Fancy Bear Linux rootkit
Is that their password?
1126 posts • joined 27 Jan 2010
"... Thus a meteor can not be two things at once ..."
Alice laughed. "There's no use trying," she said: "one can't believe impossible things."
"I daresay you haven't had much practice," said the [White] Queen. "When I was your age, I always did it for half-an-hour a day. Why, sometimes I've believed as many as six impossible things before breakfast."
(White queen takes Red pawn, check)
I once worked for a firm where the owner had a thing about equipment being left on and "wasting money".
It was perfectly normal during the Winter to emerge from an office into a pitch-black corridor or stairway with the switches at the far end. Everyone used to carry pocket torches for this reason.
The IT and telecom equipment all had labels over their sockets saying they must be left on, but he usually managed to turn off at least one server a month.
Evidently he worked on the principle that if there was nobody there, it wasn't being used.
Place: A galaxy 140 million lightyears away. Time: 140 million years ago.
A red-necked alien stares beneath the bonnet of his friend's UFO. He tugs experimentally at the mechanism, provoking short flashes of UV light. He hands his drink to his friend and picks up a large wrench.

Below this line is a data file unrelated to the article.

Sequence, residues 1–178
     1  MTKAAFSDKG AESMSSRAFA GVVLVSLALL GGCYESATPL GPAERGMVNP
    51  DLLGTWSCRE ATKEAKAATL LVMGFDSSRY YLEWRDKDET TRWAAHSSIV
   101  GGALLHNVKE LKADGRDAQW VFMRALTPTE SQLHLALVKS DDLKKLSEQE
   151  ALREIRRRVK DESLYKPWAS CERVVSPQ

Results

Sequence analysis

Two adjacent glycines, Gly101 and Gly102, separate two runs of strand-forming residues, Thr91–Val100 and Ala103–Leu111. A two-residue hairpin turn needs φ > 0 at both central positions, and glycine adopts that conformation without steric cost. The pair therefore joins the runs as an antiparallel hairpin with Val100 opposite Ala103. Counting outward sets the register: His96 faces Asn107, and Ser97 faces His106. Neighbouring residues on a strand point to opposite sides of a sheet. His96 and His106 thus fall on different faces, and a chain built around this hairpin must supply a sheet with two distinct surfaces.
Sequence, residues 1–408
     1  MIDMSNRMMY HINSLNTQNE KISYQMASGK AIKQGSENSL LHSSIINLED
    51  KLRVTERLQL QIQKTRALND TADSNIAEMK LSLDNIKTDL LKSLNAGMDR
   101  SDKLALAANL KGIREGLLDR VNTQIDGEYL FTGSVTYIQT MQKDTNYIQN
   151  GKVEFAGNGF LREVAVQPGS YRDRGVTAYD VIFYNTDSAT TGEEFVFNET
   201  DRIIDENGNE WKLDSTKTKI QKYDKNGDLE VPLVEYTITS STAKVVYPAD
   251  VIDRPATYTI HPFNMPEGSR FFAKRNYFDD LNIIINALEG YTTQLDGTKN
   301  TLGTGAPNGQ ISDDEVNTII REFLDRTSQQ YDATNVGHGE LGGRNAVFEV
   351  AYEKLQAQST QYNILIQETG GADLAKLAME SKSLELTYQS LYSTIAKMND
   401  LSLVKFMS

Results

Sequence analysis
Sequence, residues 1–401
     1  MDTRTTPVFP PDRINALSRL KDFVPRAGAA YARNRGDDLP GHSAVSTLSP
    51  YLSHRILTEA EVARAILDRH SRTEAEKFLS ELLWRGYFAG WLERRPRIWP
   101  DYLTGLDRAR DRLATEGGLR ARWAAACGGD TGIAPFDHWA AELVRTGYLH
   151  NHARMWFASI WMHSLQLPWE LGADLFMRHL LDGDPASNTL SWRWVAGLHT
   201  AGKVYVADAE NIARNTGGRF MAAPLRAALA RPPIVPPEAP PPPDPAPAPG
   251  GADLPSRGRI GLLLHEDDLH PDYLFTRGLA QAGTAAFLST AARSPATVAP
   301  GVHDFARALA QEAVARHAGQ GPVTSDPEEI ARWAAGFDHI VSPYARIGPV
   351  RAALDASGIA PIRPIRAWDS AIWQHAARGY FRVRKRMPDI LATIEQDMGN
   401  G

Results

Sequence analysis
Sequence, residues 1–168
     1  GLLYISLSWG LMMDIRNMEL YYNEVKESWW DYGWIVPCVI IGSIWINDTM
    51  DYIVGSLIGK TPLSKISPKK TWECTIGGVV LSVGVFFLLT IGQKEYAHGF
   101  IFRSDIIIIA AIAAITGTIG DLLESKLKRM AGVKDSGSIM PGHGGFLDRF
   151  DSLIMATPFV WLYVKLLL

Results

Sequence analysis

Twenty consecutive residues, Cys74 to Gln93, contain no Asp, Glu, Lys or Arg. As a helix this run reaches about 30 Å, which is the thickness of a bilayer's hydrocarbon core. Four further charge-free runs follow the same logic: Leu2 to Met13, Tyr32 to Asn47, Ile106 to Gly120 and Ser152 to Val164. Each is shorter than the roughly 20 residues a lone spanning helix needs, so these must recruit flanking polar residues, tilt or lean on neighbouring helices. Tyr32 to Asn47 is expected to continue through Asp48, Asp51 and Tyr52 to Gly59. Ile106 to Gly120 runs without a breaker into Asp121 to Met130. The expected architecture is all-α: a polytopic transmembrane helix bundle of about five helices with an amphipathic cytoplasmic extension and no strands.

"Hold my Djinn N'tonnix, I've got this."
"... using chemical propellants as fuel is out of the question ..."
Place: An underground bunker on Titan. Time: The near future.
A bottle green creature leans back in its seat and steeples four of its front appendages. A similar creature crouches before it.
"And the invaders? How are they progressing?"
"Reports say their mother ship is tearing up rock from beneath the surface, melting it and passing it to their attack ships. These ships in turn are vaporising the rock and blasting it down over the surface, before leaping away to attack another district."
"I see. A curious strategy."
"We are receiving similar reports from Europa and Enceladus, Emperor."
The bottle green creature sighs and furrows two of its brows.
"You realise, of course, this means war."
An actor I know took part in a reconstruction for a TV "Crimewatch" program.
Shortly after the program aired he was arrested on three different occasions, including one where a patrol car made a spectacular U-turn across four lanes of rush-hour traffic to grab him. He also got turned in by several neighbours and friends.
Although his innocence was obviously beyond doubt, he is still viewed as a "wrong un" who "got away with it" in some circles.
Long before mobile phones, a friend of mine had a number just a few transposed digits from a taxi firm.
When drunks called to book a cab, she just used to say, "We're really busy tonight, so it'll be about twenty minutes".
This was based on the principle that they would not find the correct sequence of numbers to call back, and it saved her a huge amount of time and explanation.
... 'Are you sure you wish to proceed?' ...
I now add multiple prompts, each detailing precisely what is about to happen. This usually triggers the following sequence:
1 System prompts 'Are you sure you wish to proceed?'
2 User enters yes / clicks proceed
3 Repeat 1 and 2 until no more prompts